The most expensive drugs

US report highlights the expensive new medications that may be heading our way

A lot of attention has recently been given to the economic impact on pharmacy’s stocking expensive new hepatitis C medicines.

However, if the United States provides an example of what may be heading our way, the pharmacy sector in Australia may have to prepare for many other such scenarios in the near future.

According to a US Medicaid report, “the launch of several expensive hepatitis C drugs over the past few years has ushered the topic of high cost prescription drugs back into the public’s and policymakers’ attention”.

Among the most commonly prescribed outpatient prescription drugs in Medicaid, the top five drugs are used for pain relief (hydrocodone-acetaminophen and ibuprofen), management of chronic illness (lisinopril and omeprazole), and antibiotics (amoxicillin). However, these drugs are not necessarily among the most costly used by Medicaid as many are inexpensive at the per prescription level.

Nearly three quarters of the 50 most costly drugs fall into five drug groups, the report reveals, of which the most prevalent is antivirals, which includes drugs used to treat HIV as well as hepatitis C drugs. 

Many of the most costly drugs have some form of regulatory and consequently market exclusivity, thus enabling the manufacturers to charge a premium price for the drug at the prescription level. Twenty two of the fifty most costly drugs are particularly expensive at the prescription level, including the most costly drug before rebates used by Medicaid over this period, Abilify (an atypical antipsychotic).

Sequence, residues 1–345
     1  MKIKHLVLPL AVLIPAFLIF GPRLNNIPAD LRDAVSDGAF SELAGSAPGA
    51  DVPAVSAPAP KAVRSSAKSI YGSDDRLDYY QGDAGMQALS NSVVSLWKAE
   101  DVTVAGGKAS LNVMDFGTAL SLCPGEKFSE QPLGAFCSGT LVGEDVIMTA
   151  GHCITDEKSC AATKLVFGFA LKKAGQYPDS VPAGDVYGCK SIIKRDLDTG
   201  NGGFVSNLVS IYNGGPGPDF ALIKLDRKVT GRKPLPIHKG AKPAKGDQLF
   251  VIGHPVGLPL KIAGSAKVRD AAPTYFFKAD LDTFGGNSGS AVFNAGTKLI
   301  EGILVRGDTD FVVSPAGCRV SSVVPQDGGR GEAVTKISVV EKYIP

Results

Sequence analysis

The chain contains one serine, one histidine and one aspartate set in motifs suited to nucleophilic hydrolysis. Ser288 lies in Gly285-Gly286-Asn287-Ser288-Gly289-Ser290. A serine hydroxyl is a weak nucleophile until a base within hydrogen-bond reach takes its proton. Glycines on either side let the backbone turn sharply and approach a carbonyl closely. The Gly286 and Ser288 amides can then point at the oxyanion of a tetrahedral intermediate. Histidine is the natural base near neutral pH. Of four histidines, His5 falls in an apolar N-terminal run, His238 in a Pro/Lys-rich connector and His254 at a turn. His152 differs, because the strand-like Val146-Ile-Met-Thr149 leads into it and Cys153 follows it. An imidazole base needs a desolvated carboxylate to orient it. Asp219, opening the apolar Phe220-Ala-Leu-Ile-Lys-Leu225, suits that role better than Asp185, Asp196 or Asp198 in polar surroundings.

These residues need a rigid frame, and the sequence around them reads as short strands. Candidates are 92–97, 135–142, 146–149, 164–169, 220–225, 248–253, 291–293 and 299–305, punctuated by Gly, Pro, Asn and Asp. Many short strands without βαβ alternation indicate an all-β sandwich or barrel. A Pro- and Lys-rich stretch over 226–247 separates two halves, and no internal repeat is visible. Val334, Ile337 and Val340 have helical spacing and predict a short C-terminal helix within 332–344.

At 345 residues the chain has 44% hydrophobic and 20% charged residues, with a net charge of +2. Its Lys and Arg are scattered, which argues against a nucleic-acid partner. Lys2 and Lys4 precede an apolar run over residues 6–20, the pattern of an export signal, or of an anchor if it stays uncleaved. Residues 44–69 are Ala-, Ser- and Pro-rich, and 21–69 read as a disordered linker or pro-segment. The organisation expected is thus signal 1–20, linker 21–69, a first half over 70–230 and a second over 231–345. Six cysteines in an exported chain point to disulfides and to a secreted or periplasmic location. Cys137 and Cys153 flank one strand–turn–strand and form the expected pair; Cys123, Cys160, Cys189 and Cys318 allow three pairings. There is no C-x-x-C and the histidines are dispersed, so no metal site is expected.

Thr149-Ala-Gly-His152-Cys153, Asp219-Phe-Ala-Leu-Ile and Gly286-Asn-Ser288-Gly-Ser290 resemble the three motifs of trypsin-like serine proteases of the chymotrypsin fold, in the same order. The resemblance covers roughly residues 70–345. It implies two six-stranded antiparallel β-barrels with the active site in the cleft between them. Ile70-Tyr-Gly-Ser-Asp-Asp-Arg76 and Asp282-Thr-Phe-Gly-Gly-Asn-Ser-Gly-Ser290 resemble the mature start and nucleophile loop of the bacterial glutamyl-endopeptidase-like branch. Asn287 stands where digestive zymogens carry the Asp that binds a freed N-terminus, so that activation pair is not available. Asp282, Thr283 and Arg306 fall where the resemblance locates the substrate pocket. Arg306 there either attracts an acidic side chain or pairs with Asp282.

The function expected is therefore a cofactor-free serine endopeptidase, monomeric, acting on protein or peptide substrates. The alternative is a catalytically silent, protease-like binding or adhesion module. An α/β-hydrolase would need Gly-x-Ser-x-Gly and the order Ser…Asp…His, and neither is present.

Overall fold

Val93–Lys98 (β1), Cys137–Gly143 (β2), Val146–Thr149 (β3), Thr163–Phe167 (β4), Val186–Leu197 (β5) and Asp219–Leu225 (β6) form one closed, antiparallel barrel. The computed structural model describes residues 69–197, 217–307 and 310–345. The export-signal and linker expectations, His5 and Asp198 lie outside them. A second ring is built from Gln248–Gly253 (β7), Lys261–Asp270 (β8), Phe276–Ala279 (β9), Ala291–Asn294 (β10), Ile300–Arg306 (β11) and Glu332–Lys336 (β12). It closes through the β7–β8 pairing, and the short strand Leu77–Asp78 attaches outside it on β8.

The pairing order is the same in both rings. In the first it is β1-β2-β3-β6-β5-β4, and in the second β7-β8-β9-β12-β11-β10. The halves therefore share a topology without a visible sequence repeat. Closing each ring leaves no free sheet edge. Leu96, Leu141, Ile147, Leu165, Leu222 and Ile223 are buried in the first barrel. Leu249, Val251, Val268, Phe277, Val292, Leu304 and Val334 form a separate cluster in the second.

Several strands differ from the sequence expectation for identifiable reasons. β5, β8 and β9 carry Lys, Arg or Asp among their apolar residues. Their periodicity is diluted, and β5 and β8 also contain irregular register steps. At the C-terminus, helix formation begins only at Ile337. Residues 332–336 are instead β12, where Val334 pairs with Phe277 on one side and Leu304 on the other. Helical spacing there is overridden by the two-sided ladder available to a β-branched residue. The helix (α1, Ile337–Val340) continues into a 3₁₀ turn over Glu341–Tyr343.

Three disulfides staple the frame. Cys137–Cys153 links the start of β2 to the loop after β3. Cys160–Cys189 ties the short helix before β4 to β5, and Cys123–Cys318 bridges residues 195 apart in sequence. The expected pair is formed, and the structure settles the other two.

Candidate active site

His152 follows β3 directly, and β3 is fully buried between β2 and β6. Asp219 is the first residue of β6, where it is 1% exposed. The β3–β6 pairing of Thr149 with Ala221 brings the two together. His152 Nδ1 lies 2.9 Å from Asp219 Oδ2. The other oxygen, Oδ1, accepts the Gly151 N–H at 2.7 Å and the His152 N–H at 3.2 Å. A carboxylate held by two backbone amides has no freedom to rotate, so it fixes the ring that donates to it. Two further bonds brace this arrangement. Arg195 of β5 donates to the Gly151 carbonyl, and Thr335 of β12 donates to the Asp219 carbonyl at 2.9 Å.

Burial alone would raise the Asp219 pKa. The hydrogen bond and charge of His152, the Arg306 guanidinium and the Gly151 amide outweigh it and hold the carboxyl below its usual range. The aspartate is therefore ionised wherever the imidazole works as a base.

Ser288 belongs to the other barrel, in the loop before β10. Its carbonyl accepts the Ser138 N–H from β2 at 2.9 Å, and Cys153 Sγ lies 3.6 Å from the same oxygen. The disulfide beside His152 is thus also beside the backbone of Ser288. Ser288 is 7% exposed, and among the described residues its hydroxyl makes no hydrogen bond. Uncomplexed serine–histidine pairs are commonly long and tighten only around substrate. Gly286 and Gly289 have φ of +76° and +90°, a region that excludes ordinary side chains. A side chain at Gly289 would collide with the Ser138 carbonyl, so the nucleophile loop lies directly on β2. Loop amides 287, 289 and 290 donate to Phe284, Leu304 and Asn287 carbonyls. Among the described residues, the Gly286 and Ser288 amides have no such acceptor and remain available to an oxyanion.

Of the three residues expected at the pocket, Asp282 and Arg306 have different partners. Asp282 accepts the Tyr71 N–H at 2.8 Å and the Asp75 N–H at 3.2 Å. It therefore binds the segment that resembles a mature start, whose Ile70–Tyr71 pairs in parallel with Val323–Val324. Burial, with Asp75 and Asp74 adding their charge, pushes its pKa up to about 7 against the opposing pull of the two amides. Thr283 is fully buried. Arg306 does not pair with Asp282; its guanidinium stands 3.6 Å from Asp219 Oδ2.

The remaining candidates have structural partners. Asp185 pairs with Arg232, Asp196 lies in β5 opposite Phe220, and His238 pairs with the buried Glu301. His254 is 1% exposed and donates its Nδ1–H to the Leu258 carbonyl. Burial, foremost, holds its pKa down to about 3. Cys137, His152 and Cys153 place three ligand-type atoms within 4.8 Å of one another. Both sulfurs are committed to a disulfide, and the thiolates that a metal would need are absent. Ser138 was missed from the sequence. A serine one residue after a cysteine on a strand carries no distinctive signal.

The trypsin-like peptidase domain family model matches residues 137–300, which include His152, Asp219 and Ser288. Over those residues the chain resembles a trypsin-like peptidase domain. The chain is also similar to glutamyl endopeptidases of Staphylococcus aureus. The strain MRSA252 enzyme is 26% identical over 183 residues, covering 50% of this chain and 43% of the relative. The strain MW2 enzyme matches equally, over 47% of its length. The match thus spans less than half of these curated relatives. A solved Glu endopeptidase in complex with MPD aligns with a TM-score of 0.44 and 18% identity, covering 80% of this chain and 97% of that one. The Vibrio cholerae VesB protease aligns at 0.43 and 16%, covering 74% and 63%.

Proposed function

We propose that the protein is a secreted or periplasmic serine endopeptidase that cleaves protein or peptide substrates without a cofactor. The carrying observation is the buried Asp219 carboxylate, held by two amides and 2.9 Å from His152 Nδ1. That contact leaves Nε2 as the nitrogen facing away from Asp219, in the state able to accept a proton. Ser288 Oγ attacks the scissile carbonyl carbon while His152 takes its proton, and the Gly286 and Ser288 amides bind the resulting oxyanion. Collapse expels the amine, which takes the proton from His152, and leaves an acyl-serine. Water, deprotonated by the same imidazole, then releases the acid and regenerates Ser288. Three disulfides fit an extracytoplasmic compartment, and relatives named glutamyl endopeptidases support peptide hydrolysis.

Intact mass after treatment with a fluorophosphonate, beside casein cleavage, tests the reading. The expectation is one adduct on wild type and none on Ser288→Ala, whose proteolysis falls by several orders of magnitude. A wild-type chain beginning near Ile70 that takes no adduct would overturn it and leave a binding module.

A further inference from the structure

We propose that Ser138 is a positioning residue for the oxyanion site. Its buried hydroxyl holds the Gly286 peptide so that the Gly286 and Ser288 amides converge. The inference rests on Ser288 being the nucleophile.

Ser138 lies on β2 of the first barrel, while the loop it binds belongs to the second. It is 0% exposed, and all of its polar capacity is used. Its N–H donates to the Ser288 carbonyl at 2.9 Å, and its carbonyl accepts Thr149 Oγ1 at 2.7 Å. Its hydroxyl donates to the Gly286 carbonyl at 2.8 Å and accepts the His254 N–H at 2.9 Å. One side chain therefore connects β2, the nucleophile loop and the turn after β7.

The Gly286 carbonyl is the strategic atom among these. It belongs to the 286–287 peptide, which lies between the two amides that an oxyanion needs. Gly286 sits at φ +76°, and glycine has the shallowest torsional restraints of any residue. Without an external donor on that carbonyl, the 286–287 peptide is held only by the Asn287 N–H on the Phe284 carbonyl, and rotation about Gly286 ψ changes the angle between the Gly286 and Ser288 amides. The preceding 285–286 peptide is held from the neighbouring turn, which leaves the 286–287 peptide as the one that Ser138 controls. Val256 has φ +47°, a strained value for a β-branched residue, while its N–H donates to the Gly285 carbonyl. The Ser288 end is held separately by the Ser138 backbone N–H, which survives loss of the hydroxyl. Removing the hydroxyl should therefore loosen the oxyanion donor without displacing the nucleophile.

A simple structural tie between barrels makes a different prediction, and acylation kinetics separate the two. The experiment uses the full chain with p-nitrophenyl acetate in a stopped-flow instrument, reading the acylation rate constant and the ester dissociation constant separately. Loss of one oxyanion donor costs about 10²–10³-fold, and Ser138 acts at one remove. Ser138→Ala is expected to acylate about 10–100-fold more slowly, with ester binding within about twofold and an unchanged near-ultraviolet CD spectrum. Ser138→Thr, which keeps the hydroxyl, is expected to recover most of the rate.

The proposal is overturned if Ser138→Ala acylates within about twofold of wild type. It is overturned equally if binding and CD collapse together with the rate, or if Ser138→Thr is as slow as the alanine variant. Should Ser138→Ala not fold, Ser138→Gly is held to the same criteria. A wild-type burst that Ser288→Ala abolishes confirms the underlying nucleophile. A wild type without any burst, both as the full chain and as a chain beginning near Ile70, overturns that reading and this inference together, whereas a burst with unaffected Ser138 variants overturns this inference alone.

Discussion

45 of the 50 most costly drugs fall into the high-cost category in part or primarily because they are frequently prescribed. Hydrocodone-acetaminophen and Suboxone, both opioids, a drug group which has garnered much public attention recently, fall into this category, as do several drugs used to treat ADHD.

The twelve costliest, in terms of total spend, are:

1 Abilify Antipsychotics/Antimanic Agent

2 Sovaldi Antiviral

3 Vyvanse ADHD/Anti-Narcolepsy/AntiObesity/Anorexiant

4 Harvoni Antiviral

5 Truvada Antivirals

6 Lantus Antidiabetic

7 Methylphenidate HCI ER  ADHD/Anti-Narcolepsy/AntiObesity/Anorexiants

8 Atripla Antivirals

9 Advair Diskus Antiasthmatic and Bronchodilator Agent

10 Lantus SoloStar Antidiabetics

11 Seroquel Antipsychotics/Antimanic Agents

12 Latuda Antipsychotics/Antimanic Agents

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1 Comment

  1. Troy

    Drugs are only expensive if the government buying them, is too lame to insist on a reasonable price. (that’s the Australian government) To be fair, however, the pharmacy bodies give our government little incentive to barter the manufacturers of these so-called ‘blockbuster’ drugs down in price. Why bother to do that, when you can simply pay less to the spineless pharmacists. They think that being ‘tough’ on the govt means requesting that the negotiators be taken to Sizzler instead of McDonald’s for dinner.

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